Dear Virginia,

I'm 20 and at university, and I come home during the holidays. My grandmother lives in a flat downstairs from us and I don't think my mother, her daughter, is kind to her. She's always going on to me about what a chore it all is, and sometimes can be quite snappy with my gran, who can't help getting muddled sometimes. I love my gran so much, and she's very kind and generous to mum with money and so on, so why can't my mother can't be more patient and loving?

Yours sincerely, Beth

One of the reasons that grandparents and grandchildren get on so well is, according to Margaret Mead, the great anthropologist, that they "share a common enemy". In this instance it seems as if she was right.

The problem is that your mother has a completely different relationship with her mother to the one that you have with your grandmother. She has banks of old memories, old resentments, to call on when she's dealing with your granny's demands. Where you see a charming, frail old lady, your mother sees the woman who perhaps once said that if she didn't behave she'd get rid of her pet rabbit. While you see a gentle person who, in your memory, was an endless supply of boiled sweets, your mother remembers a tyrant who stood over her saying she couldn't have dinner until she finished her homework. It could be that your grandmother wasn't some kind of tyrant, but it's how your mother remembers her.

You're well on the way to doing the same yourself. Instead of being compassionate to your mother who may, for all you know, be being a saint by having her mother living downstairs in view of how she was brought up, you're starting to demonise her, saying she's snappy and unkind.

Of course I may have the scenario all wrong. It may be that your mother loves her mother, your grandmother, so much, that she simply cannot bear to see her starting to lose her motherly capabilities. It could be that she depends on her mother still, and feels a child in her eyes – and when your grandmother becomes a bit muddled up, your mother finds the situation unbearable because she can foresee the time when she will have to live without the assurance that there's always someone to love and adore her. What you see as unkindness may, in fact, be the beginning of grieving, an inability to accept that her mainstay is deteriorating in front of her eyes.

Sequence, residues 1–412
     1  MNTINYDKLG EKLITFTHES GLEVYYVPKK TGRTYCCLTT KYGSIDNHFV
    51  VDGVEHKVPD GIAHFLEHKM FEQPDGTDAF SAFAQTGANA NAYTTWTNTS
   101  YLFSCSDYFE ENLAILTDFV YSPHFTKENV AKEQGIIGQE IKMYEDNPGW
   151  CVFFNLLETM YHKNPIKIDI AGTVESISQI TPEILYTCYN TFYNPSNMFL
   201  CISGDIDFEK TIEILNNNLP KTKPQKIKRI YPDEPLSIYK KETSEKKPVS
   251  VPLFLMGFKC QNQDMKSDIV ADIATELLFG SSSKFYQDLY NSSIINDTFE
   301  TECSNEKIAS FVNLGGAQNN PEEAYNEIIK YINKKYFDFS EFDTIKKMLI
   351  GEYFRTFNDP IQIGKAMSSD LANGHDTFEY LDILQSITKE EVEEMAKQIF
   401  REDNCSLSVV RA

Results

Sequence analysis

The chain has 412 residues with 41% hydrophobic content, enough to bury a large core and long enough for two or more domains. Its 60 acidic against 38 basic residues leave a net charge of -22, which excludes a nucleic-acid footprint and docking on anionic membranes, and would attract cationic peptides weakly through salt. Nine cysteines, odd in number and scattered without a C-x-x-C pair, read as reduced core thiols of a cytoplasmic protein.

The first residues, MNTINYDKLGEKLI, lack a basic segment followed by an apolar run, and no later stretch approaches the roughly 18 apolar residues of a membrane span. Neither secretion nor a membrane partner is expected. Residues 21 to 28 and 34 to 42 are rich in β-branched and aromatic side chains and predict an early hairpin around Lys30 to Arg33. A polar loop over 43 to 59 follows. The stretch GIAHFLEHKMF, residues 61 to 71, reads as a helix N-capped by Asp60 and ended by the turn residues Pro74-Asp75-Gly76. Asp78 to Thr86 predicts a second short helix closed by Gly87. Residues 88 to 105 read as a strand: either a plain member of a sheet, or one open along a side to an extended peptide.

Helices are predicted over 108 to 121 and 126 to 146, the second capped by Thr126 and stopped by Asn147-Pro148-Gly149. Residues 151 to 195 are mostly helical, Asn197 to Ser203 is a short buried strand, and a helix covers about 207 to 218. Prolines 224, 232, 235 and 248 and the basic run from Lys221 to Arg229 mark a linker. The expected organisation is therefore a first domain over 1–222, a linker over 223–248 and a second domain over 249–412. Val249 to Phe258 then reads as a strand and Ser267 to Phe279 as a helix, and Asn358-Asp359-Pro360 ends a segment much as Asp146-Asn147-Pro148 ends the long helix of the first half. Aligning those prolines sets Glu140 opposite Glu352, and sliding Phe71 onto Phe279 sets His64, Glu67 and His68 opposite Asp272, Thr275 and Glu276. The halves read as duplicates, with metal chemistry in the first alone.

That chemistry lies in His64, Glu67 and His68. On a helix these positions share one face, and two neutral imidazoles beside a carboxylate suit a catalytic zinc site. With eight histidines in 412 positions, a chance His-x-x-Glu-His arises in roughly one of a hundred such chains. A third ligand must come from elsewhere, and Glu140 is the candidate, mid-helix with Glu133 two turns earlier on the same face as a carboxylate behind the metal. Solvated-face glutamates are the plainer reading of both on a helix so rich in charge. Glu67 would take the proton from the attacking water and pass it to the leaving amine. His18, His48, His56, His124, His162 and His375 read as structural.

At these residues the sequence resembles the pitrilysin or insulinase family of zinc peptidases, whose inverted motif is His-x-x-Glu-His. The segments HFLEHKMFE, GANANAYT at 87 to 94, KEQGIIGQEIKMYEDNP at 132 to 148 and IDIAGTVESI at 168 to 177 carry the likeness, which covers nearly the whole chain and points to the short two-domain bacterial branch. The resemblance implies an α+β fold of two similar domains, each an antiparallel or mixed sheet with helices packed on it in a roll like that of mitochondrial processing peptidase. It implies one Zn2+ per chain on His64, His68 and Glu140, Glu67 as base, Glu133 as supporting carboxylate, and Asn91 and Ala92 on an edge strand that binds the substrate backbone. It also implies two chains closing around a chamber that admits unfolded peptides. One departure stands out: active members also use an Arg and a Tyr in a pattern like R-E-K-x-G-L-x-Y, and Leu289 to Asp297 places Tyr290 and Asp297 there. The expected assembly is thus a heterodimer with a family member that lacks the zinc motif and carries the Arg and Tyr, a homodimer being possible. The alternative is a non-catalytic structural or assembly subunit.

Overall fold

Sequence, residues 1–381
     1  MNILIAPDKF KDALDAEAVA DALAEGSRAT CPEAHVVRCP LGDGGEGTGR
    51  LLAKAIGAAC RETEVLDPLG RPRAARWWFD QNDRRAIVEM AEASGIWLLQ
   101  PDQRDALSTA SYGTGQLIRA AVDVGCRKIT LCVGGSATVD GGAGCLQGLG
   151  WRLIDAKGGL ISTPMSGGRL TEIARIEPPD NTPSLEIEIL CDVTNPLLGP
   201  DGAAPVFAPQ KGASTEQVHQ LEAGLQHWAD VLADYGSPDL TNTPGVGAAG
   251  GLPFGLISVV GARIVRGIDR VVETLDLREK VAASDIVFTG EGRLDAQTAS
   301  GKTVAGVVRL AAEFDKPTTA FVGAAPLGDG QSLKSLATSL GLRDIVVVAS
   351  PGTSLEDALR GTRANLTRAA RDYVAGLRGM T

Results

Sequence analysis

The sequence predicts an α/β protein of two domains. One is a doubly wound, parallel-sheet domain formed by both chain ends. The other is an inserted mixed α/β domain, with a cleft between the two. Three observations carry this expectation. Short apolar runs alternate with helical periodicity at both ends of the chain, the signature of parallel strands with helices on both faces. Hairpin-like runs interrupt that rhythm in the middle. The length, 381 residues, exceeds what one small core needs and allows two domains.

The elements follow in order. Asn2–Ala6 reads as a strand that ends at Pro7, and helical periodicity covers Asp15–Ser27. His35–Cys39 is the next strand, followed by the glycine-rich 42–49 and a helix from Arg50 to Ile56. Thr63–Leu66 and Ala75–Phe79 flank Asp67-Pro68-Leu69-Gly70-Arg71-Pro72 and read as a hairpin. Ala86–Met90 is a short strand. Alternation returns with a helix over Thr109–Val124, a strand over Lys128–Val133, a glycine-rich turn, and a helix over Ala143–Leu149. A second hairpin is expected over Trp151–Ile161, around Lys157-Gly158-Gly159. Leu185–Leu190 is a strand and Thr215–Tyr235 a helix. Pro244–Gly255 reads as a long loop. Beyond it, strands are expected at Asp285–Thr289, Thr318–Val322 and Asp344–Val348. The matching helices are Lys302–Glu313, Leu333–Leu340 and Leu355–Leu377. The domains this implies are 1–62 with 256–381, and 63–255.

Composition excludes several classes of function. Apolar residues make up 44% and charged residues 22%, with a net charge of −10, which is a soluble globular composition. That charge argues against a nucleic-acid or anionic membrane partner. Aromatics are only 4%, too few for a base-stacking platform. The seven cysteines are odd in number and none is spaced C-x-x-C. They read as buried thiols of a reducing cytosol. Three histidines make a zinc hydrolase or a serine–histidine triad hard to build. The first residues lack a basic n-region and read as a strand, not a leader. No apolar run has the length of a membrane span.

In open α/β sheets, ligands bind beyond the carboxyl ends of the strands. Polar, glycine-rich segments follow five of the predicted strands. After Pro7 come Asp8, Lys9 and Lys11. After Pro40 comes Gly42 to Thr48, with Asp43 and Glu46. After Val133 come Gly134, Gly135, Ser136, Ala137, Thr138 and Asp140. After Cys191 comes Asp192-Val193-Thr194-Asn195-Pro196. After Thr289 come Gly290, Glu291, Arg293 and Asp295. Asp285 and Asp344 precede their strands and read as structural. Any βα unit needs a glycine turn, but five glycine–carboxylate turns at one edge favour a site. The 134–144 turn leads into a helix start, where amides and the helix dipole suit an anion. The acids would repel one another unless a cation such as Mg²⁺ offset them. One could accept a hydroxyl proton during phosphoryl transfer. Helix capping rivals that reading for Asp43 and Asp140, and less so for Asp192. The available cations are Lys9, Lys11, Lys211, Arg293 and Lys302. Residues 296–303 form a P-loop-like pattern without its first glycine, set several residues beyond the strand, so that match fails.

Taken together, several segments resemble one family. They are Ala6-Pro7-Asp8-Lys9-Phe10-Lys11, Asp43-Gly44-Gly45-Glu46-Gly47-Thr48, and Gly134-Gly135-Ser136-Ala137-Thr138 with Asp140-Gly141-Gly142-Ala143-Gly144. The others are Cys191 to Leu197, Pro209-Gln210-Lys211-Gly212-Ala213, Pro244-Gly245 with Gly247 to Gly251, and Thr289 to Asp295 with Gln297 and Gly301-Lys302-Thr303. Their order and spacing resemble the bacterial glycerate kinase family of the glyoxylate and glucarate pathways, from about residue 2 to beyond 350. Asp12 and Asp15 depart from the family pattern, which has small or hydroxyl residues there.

Don't be too hard on your mother. You don't know what emotions she may be struggling with. I'm sure she does her best – as does your grandmother, and you. It sounds unlikely that your mother will ever be actually cruel to your grandmother. It's just that she carries, with her, past history and, perhaps, present misery.

One day, you may have children and this mother, who you see now as so selfish, will turn into some kind of saint in their eyes and wonder how you can treat her so dismissively when she's old. And perhaps your children will not be as kind to you as you wish. Then remember these feelings you're having now. And forgive them.

Readers say...

Give your mum a break